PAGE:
Many Old Computers Put to Use Again, Study Finds
More than half the old personal computers replaced by consumers last year were put to productive use instead of being dumped or stored away, according to a nationwide survey by MetaFacts, a San Diego research firm.
This may be bad news for PC makers who want older machines to be regarded as technologically obsolete, prompting consumers to buy the latest models. But it's good for the environment, as recycling programs come on line that can capture discarded PCs before they pose hazards, said Dan Ness, the principal analyst for the firm's annual Technology User Profile.
"The longer people hold on to their old computers, the less likely they're going to end up in land fill or go to China" for unregulated disposal, Ness said. "A lot of people say when they get new computers they're keeping the old ones and using them, or giving them to friends who use them. It's a picture that surprises the PC makers."
The survey, conducted last year, included 7,527 households and 2,500 workplaces around the country. It found that 30.1 percent of household respondents keep their old computers and use them, 22 percent pass them on to friends and 17.1 percent keep them in storage. An additional 8.9 percent donate the old machines to charity and 8.6 percent junk them. Only 3.6 percent said they recycle their old PCs.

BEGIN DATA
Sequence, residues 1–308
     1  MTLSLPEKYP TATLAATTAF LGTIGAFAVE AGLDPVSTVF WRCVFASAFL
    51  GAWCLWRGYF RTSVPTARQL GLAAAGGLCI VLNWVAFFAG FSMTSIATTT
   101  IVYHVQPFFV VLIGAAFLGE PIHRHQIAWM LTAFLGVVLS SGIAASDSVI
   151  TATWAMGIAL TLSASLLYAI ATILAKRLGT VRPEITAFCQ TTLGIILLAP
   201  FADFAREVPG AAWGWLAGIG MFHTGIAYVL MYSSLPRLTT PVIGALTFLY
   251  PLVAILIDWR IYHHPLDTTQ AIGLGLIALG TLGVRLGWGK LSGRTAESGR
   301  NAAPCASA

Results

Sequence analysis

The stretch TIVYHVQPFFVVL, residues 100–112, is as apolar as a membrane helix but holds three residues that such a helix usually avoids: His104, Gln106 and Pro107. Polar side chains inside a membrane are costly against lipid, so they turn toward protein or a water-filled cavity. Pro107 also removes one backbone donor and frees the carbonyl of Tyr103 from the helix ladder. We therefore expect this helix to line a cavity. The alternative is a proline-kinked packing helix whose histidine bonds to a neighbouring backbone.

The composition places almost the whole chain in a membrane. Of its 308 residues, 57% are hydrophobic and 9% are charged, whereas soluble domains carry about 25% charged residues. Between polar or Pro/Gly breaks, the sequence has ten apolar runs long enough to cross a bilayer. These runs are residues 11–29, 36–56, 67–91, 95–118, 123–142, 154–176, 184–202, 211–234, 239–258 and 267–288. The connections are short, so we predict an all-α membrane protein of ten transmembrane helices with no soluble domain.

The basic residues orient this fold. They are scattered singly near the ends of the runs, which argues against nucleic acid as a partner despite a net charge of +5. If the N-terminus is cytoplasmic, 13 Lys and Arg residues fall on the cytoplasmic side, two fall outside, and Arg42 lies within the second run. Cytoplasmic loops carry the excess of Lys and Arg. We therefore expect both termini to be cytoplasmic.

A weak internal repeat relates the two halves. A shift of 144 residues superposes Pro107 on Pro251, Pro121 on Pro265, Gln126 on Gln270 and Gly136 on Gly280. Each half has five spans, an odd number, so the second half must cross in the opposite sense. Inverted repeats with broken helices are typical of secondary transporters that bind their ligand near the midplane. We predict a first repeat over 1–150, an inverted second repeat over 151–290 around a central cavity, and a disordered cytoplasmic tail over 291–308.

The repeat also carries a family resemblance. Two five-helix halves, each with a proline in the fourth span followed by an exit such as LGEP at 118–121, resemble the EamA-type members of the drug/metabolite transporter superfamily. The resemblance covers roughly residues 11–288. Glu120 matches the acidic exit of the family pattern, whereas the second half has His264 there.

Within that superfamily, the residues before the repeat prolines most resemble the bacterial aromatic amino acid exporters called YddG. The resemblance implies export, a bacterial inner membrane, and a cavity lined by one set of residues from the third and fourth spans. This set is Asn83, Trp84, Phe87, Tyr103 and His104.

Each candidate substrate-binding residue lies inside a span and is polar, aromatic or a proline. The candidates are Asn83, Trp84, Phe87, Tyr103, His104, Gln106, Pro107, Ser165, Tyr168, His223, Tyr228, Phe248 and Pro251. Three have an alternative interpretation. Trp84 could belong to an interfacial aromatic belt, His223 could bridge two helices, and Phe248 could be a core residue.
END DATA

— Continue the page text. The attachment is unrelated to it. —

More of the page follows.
The stockpiling and disposal of unwanted computers and other electronic waste has become a major environmental issue in recent years because of the toxic ingredients they contain, including lead, cadmium and mercury. California has implemented a system that aims to collect some of the most hazardous e-waste -- computer monitors and televisions -- for safe recycling. But environmental groups call for more stringent regulation and fault electronics makers for not taking responsibility for the hazards their products pose.
Ness noted that his survey suggested that businesses are recycling old computers at a 19.1 percent rate, six times higher than households. Homes with small children were twice as likely to keep and still use their older computers (43.3 percent) than single-person households (20.9 percent).
The survey found that lower-income families were more likely to recycle discarded computers than wealthier respondents.
"I think they're generally more frugal and more aware of recycling household waste," Ness said. "Higher-income households seem faster to consume things and faster to throw them away."
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Source: Knight Ridder/Tribune Business News